Drought resilience and climate change analysis: Moving from a top-down to bottom-up approach in the UK

Counsell, C. and McBride, A. and Simm, J.D. (2018) Drought resilience and climate change analysis: Moving from a top-down to bottom-up approach in the UK. In: AWRA 2018, 4-8 November 2018, Baltimore, USA.

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Water resources across the globe face challenges from population growth and climate change. Concerns regarding the potential implications of extreme, previously unseen, droughts are also increasing. Recent research in the UK has developed and demonstrated new, practical ‘bottom-up’ approaches for assessing and communicating the resilience of water supply systems to droughts beyond the historic record and assessing the potential impacts of climate change. Traditionally water supply planning in the UK has been based around the historic record to identify the worst droughts which in turn are used to test the performance of contemporary water supply systems. Typically, data records extend back to the early twentieth century, although with increasing data uncertainty further back in time, generally providing around five or six events around which to design and plan a water supply system. Drought events are rare and their characteristics are both spatially and temporally variable. Planning solely to events in the historic record does not reflect that droughts in the future could exhibit very different characteristics. Recent work has demonstrated the benefits of using stochastically generated and synthetic droughts applied as part of a ‘bottom-up’ approach to provide a richer understanding of system resilience. The outputs are presented consistently across the industry in the form of drought response surfaces with pragmatic methods and supporting tools developed to support industry application. For climate change, impacts have been previously assessed using ‘top-down’ modelling approaches that, particularly for large, complex conjunctive-use systems, require significant effort regardless of the systems’ potential vulnerability and which may not adequately consider and communicate how adaptation to climate change relates to resilience to droughts. Consequently, further work with the UK water resource industry has extended the “bottom-up” approach to droughts, alongside exploiting previous climate change analysis, to ensure an effective, proportionate approach to climate change. Application of these methods has demonstrated contrasting levels of resilience to different types of droughts and vulnerability to climate change across the UK. The outputs are being used to inform both national policy and underpin local investment planning in demand-side and supply-side measures.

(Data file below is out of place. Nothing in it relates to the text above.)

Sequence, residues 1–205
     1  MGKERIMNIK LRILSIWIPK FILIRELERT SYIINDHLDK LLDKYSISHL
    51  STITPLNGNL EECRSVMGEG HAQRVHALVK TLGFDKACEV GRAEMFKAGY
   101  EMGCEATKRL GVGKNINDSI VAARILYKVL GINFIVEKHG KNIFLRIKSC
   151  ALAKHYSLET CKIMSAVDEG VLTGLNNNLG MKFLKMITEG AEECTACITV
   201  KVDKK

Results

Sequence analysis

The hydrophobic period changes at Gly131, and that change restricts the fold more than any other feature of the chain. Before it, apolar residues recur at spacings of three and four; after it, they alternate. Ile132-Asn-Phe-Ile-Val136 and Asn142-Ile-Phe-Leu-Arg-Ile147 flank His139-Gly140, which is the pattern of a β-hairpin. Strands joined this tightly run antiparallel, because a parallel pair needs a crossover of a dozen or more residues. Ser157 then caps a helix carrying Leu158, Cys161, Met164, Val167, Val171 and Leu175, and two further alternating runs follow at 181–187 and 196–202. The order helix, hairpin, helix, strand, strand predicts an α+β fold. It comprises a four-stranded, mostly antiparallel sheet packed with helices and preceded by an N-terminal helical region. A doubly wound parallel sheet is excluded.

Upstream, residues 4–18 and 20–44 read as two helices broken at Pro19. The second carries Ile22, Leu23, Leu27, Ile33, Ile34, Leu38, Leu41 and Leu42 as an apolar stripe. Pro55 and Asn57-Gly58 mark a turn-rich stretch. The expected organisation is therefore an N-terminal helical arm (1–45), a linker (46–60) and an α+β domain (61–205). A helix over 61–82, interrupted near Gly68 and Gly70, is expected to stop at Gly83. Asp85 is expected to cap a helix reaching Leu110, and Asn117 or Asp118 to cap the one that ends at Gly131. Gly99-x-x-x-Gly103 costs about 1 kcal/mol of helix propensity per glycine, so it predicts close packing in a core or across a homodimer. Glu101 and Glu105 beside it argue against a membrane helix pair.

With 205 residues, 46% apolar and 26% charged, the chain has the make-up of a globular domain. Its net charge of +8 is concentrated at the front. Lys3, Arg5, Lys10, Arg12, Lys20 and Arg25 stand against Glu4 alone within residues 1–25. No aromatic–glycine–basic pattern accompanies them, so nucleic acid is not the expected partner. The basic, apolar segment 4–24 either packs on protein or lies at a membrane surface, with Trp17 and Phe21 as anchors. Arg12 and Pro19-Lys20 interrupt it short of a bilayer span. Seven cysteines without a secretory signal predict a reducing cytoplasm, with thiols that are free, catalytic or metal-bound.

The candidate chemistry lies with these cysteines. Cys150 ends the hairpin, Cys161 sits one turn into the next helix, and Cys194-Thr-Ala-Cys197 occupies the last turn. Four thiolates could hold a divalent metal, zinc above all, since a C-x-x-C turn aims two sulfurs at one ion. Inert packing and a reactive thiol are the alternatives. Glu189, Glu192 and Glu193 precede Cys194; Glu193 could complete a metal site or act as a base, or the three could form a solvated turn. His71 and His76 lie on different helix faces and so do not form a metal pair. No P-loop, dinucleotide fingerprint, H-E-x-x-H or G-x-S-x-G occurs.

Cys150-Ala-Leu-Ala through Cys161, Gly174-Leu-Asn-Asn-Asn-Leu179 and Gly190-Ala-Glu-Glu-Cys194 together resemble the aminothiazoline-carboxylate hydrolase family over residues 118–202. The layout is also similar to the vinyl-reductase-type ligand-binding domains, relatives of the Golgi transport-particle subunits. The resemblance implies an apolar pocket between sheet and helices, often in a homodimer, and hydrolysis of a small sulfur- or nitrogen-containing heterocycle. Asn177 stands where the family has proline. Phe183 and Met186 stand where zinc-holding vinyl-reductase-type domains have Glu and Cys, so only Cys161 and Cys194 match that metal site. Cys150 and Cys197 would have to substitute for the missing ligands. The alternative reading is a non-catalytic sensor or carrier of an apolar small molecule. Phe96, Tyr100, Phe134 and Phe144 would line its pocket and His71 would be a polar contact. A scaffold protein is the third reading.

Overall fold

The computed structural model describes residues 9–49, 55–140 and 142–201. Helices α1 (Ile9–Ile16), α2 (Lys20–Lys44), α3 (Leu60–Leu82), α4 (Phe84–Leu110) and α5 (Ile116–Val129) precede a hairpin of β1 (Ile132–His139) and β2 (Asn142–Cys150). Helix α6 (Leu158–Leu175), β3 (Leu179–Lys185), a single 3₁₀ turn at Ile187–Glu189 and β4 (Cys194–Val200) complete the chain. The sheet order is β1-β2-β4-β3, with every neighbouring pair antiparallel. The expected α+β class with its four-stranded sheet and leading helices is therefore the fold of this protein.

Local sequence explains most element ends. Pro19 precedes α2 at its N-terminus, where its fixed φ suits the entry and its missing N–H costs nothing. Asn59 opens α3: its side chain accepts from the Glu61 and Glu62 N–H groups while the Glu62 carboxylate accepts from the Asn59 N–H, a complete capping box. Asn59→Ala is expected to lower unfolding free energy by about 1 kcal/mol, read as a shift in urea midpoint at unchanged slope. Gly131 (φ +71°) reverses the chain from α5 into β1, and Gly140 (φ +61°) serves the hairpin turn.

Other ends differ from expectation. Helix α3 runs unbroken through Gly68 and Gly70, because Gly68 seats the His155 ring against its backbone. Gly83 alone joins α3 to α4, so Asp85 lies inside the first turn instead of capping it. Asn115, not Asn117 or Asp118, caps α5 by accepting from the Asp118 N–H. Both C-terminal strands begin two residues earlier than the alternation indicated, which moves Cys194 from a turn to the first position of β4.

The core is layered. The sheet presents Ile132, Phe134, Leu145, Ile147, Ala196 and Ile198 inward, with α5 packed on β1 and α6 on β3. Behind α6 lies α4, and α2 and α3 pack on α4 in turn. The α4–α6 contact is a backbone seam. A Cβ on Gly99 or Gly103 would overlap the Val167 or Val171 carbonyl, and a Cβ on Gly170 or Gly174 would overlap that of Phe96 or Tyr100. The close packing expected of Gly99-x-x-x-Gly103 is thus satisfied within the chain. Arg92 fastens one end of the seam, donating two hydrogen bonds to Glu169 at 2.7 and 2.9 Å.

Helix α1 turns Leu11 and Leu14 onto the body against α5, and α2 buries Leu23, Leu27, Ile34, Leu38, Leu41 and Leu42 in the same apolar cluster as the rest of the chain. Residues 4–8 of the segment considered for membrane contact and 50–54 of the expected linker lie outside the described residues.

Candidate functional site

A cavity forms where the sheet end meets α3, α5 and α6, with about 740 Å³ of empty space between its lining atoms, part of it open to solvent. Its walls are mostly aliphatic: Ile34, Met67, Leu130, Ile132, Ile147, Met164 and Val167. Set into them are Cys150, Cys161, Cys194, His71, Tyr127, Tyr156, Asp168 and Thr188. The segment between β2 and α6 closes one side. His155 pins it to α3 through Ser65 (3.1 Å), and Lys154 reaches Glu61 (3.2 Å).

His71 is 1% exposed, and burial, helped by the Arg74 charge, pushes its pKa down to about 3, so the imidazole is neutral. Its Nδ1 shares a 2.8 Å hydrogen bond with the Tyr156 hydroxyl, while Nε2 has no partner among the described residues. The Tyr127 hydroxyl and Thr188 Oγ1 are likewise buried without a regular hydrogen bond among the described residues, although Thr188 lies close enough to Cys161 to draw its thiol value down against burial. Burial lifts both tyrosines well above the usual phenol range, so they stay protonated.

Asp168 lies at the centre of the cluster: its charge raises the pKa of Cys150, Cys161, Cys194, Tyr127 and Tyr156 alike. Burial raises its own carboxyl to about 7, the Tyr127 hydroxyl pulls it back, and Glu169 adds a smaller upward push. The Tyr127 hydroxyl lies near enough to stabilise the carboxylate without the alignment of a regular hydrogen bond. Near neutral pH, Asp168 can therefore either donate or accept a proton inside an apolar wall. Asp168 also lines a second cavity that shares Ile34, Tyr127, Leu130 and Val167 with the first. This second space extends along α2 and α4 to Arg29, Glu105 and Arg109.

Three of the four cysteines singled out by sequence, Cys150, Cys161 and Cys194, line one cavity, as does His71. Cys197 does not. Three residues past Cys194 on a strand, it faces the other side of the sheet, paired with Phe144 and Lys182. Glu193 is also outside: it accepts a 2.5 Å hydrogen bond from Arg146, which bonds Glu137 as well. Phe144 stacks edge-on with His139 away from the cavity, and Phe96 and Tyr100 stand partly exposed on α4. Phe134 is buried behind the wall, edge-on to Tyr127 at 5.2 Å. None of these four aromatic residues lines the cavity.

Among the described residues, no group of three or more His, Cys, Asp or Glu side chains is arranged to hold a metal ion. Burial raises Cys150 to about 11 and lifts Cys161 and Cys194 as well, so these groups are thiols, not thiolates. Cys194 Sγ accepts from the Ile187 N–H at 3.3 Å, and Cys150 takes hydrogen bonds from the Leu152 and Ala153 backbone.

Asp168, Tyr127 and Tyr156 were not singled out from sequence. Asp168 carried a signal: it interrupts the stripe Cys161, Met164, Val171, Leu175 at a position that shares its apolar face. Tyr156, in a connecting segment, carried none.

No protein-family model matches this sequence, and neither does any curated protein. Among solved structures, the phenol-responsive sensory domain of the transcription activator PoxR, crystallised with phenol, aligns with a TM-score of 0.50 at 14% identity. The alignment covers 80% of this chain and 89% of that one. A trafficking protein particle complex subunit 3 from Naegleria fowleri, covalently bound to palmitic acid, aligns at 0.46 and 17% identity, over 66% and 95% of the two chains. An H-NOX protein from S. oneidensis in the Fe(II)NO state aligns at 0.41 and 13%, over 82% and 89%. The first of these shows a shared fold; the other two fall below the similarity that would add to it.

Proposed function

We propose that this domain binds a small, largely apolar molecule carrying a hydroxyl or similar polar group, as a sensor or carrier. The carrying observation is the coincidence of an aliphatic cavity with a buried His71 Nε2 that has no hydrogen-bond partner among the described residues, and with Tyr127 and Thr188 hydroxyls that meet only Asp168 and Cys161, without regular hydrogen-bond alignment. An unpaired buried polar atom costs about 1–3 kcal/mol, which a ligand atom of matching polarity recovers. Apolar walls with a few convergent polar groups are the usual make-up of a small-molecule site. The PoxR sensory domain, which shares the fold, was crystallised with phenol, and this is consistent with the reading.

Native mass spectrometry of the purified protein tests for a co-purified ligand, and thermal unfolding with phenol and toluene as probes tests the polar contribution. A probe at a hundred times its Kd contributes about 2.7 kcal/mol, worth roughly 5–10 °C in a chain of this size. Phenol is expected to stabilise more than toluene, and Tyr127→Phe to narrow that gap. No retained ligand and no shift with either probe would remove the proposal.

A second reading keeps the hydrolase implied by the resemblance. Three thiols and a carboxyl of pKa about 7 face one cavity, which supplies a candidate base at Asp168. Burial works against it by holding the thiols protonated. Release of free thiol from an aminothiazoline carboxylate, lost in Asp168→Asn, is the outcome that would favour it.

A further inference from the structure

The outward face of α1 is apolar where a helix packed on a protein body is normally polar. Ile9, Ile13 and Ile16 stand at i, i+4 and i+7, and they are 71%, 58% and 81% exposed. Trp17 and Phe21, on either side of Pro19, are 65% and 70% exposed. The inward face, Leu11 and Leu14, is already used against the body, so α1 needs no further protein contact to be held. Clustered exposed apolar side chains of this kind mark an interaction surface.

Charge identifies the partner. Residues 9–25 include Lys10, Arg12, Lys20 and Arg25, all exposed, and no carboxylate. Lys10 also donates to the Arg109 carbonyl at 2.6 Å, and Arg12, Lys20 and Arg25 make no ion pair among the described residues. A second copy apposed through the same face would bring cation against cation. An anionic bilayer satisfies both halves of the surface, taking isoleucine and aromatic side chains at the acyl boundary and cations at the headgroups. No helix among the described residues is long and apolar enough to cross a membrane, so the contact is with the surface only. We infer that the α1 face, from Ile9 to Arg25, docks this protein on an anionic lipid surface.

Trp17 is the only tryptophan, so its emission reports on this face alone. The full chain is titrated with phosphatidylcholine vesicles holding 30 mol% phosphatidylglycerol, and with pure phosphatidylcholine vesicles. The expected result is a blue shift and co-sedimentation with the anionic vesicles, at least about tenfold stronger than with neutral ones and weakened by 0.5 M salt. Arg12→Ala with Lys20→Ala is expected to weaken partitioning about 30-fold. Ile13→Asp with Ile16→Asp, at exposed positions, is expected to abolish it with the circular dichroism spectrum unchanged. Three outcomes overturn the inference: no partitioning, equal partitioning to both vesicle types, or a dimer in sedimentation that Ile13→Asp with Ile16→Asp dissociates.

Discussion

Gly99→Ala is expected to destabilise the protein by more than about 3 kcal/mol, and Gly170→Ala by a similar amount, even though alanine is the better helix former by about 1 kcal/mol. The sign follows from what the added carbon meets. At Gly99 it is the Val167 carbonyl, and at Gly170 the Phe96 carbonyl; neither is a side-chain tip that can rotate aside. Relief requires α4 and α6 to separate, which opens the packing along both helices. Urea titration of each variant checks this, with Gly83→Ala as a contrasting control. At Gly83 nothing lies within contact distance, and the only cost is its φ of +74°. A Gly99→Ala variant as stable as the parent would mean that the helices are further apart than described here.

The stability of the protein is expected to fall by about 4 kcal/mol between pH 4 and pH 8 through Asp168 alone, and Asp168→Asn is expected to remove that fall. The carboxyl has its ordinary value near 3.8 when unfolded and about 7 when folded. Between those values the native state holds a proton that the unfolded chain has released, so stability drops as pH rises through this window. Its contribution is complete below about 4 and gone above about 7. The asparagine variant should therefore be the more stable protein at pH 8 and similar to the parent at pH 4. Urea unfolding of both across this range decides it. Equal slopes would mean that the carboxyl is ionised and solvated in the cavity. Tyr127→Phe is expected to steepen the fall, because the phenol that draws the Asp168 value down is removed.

Item Type: Conference or Workshop Item (Paper)
Uncontrolled Keywords: Drought resilience, climate change, conjunctive-use, United Kingdom
Subjects: Floods > General
Divisions: Floods
Depositing User: Unnamed user with email i.services@hrwallingford.com
Date Deposited: 02 Apr 2020 09:53
Last Modified: 01 Jun 2020 14:37
URI: http://eprints.hrwallingford.com/id/eprint/1281

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